UBC Theses and Dissertations
Dispatches from Second Empire Paris: Walter Benjamin, Michel Foucault, and urban modernity Duckworth, Grant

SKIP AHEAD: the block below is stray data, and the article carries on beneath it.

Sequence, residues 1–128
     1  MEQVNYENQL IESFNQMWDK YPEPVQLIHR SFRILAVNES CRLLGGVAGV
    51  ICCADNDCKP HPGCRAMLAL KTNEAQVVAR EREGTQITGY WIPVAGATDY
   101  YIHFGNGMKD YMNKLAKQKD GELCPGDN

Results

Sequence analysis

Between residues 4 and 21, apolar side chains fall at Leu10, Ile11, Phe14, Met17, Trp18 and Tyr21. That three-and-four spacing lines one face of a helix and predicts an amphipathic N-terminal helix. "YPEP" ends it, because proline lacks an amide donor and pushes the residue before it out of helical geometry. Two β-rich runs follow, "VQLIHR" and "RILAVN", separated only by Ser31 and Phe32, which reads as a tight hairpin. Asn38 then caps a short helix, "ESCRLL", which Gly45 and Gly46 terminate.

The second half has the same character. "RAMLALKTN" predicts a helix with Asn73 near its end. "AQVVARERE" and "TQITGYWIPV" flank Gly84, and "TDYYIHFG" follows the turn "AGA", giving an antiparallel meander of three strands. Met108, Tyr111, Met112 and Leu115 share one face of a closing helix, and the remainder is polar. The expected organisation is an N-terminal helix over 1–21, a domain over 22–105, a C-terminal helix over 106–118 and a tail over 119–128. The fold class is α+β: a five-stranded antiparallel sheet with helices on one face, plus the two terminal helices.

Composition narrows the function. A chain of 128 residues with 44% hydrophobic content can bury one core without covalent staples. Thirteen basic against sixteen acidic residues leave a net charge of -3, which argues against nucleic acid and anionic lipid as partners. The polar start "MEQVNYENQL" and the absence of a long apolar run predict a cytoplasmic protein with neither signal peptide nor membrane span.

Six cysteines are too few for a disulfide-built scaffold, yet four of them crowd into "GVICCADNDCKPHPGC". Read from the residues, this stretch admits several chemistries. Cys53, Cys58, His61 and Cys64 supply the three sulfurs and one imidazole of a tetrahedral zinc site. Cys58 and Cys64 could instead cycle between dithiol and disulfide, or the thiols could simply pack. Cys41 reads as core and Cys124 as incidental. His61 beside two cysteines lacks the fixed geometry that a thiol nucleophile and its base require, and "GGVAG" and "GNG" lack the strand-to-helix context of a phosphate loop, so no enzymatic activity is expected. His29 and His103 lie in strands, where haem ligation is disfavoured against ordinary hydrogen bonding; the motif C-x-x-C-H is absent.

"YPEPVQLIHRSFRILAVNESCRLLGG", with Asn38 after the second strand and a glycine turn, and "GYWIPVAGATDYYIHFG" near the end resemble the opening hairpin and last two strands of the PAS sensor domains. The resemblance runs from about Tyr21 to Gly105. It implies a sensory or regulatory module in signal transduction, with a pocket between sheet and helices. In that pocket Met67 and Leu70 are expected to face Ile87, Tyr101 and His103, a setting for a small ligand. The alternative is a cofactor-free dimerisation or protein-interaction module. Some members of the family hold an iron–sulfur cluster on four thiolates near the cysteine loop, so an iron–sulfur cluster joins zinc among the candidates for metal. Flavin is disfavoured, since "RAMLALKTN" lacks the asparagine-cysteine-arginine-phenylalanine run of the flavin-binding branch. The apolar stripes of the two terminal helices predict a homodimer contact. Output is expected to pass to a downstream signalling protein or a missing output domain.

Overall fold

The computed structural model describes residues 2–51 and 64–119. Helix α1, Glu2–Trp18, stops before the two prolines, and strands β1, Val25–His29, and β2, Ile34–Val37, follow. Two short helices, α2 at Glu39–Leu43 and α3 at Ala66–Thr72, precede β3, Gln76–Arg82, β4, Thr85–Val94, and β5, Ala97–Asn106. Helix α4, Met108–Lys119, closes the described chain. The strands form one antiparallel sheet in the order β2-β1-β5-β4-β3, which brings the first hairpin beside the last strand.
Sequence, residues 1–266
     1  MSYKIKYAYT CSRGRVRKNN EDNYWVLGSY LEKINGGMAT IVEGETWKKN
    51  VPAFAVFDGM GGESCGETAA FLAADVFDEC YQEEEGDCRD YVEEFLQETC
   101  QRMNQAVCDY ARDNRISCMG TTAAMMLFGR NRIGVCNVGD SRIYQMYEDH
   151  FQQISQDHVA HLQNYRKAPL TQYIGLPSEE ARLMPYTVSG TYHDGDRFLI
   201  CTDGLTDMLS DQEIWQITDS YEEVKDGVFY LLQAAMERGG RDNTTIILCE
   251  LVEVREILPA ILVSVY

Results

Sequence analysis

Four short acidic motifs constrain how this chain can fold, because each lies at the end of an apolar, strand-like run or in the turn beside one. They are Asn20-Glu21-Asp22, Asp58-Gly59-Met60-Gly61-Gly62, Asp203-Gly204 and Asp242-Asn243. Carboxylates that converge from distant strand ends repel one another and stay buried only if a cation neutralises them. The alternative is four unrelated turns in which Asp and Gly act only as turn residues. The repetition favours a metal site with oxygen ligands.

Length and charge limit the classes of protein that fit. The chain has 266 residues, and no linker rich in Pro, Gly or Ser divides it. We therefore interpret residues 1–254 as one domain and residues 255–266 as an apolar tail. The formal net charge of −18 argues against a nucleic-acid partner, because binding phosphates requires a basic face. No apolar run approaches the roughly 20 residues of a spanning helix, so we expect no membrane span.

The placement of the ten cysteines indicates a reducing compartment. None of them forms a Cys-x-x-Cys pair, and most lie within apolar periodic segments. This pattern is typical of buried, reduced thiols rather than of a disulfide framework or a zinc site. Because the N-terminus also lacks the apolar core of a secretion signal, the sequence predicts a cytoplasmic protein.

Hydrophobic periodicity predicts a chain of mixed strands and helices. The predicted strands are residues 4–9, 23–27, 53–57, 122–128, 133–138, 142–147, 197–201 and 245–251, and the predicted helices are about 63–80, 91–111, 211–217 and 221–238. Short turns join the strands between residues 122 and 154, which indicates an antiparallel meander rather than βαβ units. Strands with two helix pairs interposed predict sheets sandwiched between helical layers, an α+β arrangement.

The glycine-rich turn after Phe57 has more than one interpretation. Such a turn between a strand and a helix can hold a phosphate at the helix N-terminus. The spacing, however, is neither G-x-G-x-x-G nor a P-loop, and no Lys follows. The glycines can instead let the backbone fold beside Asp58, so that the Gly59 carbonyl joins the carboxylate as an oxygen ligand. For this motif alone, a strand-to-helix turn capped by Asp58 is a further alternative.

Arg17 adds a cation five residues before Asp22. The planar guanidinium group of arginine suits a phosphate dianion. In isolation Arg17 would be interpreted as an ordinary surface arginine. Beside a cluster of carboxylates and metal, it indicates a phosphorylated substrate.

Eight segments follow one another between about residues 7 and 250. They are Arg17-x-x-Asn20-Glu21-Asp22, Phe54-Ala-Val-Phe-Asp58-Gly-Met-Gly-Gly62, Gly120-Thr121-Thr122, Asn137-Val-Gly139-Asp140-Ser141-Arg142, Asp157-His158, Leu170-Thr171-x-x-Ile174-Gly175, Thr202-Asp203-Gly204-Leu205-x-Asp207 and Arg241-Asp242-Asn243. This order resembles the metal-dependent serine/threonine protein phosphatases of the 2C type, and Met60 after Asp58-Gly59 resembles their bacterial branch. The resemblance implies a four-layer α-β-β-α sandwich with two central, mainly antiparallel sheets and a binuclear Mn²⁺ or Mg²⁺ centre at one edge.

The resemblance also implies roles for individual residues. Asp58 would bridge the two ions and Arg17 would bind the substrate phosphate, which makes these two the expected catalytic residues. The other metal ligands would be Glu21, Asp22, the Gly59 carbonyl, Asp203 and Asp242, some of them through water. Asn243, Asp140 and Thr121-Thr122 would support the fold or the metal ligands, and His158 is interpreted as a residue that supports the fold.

In this thesis, I examine the socio-spatial transformations which occurred in metropolitan Paris during the Second Empire (1852-1870). Although the reign of Napoleon III only lasted seventeen years, it constitutes an important threshold in the history of France and the French capital. This was the age of imperialism, industrialism, commercialism, and science; a time when the emperor deliberately set out to modernize the country, its economy, and its cities. At the center of this aggressive modernization scheme was Paris. For decades, critics from all walks of life had been calling out for massive urban reforms. The chilling spectacle of political rebellion, growing concerns about the threat of contamination, mounting congestion, and urban decay, and the rise of mass consumerism were the primary forces behind the "strategic beautification" of Paris. The responsibility of modernizing the capital was delegated to Georges-Eugene Haussmann. Between his appointment in 1853 and his unceremonious departure in 1870, Haussmann turned the rabbit-warren network of filthy medieval corridors into an elaborate panorama of architectural splendours and magnificent boulevards. I argue that Haussmann's civic improvement scheme should be remembered as a grand Utopian experiment which produced its own share of failures. The historical philosophies of the Jewish intellectual Walter Benjamin and the French academic Michel Foucault inform much of the discussion. Both Benjamin and Foucault resided and worked in Paris but at different times and under completely different circumstances. For Benjamin, nineteenth-century Paris was a dreamworld of phantasmagoria, a City of Mirrors, and a labyrinth of reflecting images. Foucault, who never wrote about Paris specifically, was concerned with an entirely different set of questions. According to him, the major socio-spatial changes of the previous century were representative of institutionally sanctioned strategies of surveillance, discipline, normalization. Like Haussmann, the experience of living in the French capital had a profound effect on Benjamin's and Foucault's geographical imaginations. I argue that in order to understand Benjamin's and Foucault's ruminations on nineteenth-century notions of space, power, and, knowledge, it is important to first place those arguments in the context of their personal experiences, the urban geographies through which they moved, and the times that they belonged to. Thus, Paris is not simply an object of historical analysis, it is also a context for comparing and contrasting the intellectual thought of Benjamin and Foucault.